By Bill Bruns and Sue Pascoe
L.A. Times film critic Kenneth Turan made his annual appearance at the Pacific Palisades Optimist Club meeting on February 6 to talk about the March 4 Oscars ceremony. The book author and Palisadian addressed a packed house at Aldersgate.
“You will never hear me say, ‘This will win because of best performance,’” Turan said. “Everyone’s idea of what is the best performance is different, and favorite doesn’t mean winner. There are upsets every year.”
He explained how members of numerous crafts inside the Academy of Motion Picture Arts and Sciences academy select the nominees, such as for film editing, costume design and special effects, but then the entire Academy votes for each of the 24 awards He also noted that following the 2016 Oscars (dubbed #OscarsSoWhite), the Academy vowed to double its female and minority membership by 2020, while also skewing younger.
With the changing demographics of the Academy, Turan said, it might be more difficult to predict what typically will win an Oscar. His selections are not necessarily based on what he felt was the best film/ actor/actress, but rather predicting what he thinks 8,000-plus Academy members will choose.
Despite his warning not to let one’s heart color who to select in the office pool, Turan is pulling for “The Shape of Water” to win Best Picture honors.
“The favorite has to be ‘Shape,’” he said, noting that it received 13 nominations, including seven of the eight technical nominations, which means “it has support from both sides of the Academy.” But, he cautioned, “Looking at the history of the Oscars, the film that has the most nominations hasn’t always won best picture.
“I’m hoping it will be ‘The Shape of Water,’” Turan said. “It’s a magical film, beautifully made,” by director Guillermo del Toro.
The film is a fantasy tale of a woman whofalls in love with a fish-man creature captured in South America in the 1950s. One Optimist asked if the fallout about the story idea being stolen might hurt its chances.
“Most people do not believe the story was stolen,” Turan said. “Guillermo said it was inspired by the “Creature from the Black Lagoon.” He remembers wondering as a child when he saw the film, ‘Why does the creature never get the girl?’”
Another optimist asked about the chances that “Three Billboards Outside Ebbing, Missouri” might win Best Picture. “I like it; I gave it a positive review,” Turan said. “But it’s a film that has split people, and the director didn’t receive a nomination. Those films [where the director is not nominated] generally don’t win.”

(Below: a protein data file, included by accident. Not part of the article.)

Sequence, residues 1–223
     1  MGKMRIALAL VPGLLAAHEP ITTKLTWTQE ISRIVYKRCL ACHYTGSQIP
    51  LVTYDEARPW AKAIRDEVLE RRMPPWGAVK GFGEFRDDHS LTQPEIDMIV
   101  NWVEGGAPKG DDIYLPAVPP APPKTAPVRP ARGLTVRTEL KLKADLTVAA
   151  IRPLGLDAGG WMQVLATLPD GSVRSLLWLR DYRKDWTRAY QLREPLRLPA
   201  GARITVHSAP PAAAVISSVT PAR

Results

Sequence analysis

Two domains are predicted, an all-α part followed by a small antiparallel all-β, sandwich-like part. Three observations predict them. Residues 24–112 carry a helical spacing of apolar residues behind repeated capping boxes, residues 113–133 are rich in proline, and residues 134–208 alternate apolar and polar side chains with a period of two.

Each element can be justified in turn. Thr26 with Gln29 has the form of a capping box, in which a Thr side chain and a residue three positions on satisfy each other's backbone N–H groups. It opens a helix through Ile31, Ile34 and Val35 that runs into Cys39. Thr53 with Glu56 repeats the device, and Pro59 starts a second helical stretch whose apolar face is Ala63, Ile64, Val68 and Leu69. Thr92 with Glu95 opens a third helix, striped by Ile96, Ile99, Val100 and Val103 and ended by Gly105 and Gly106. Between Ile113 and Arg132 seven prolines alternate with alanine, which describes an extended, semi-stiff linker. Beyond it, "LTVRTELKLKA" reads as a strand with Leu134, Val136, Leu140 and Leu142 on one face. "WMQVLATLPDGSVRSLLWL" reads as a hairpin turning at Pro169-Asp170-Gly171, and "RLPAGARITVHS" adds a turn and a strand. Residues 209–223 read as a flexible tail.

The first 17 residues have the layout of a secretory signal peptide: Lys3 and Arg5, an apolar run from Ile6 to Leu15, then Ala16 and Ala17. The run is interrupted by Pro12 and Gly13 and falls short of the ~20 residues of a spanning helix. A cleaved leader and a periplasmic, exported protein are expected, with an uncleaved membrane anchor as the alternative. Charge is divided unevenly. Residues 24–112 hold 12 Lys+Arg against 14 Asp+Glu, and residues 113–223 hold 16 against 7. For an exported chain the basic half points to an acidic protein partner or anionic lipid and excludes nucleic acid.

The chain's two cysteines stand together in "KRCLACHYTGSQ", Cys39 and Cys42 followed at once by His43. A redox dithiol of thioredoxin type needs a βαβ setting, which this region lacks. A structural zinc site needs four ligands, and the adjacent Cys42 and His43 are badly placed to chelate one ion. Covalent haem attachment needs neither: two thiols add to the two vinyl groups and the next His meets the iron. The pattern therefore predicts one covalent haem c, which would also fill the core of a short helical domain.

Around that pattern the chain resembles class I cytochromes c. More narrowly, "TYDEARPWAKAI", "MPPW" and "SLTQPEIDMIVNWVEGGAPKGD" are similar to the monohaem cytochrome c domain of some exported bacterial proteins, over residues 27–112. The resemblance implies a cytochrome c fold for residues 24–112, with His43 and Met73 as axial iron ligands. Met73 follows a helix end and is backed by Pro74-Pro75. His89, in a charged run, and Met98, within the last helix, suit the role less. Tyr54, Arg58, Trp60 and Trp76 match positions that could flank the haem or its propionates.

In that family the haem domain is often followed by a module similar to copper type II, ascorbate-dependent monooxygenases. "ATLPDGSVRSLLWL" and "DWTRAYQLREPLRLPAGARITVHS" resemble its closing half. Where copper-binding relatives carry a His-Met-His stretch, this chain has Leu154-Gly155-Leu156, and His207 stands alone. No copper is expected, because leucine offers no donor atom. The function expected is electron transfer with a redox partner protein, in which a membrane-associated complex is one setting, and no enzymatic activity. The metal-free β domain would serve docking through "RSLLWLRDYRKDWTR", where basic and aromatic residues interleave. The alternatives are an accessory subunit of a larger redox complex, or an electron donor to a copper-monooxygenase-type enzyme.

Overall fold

The Best Actor category includes five top-notch performances, Turan said, but he believes Gary Oldman (who plays Winston Churchill in “The Darkest Hour”) will win because “every so often the Academy uses this category to give a ‘lifetime achievement’ award.”
In the Best Supporting Actor category, “Sam Rockwell does a great job [in Three Billboards]; he’s the favorite,” Turan said, “but Woody Harrelson is in the same film, and they could divide the vote, leaving Christopher Plummer [All the Money in the World] to sneak in.”
“Best Actress may be the strongest category, and is a toss-up,” Turan said. “Frances [McDormand, in “Three Billboards”] has won before and is an actress the Academy likes, but Sally Hawkins [“Shape of Water”] is terrific.”
Turan said that Best Supporting Actress could go to either Laurie Metcalf [“Lady Bird”], “who is highly respected,” or to Allison Janney [I, Tonya], the word-of-mouth favorite.
He predicted that Guillermo del Toro will win the Oscar for Best Director, and the popular “Coco” will capture Best Animated Feature Film honors.
For Adapted Screenplay, Turan predicts that 89-year-old James Ivory (“Call Me by Your Name”) will win—“the Academy likes to support someone who’s still working at that age”—and for Original Screenplay he favors writer/director Greta Gerwig for “Lady Bird,” a movie he called “original, moving and unexpected.“I’ve seen enough of the unhappy teenager, coming-of-age films that I would never have to see another,” Turan said. “But this was so exceptionally well-done that I really liked it.”
In the Best Foreign Film Category, “the one I really liked was “Foxtrot,” and I’m sad that it wasn’t nominated,” Turan said. “It’s a very glum list” that includes “Loveless”— “a sad title for a sad film”—and “Body and Soul,” an Hungarian film about two workers in a slaughterhouse who discover they are having the same dream every night. “I don’t think it’s going to win, but it’s a really fine film.”Before he left, Turan warned the optimists that favorites often shift right up until the time votes are cast, and that early favorites don’t always end up winning Oscars.
(Editor’s note: Kenneth Turan is also a film critic for National Public Radio’s Morning Edition as well as the director of the Los Angeles Times Book Prizes. A graduate of Swarthmore College and Columbia University’s Graduate School of Journalism, he teaches film reviewing and non-fiction writing at USC. His most recent book is Not to Be Missed: Fifty-Four Favorites From a Lifetime of Film.)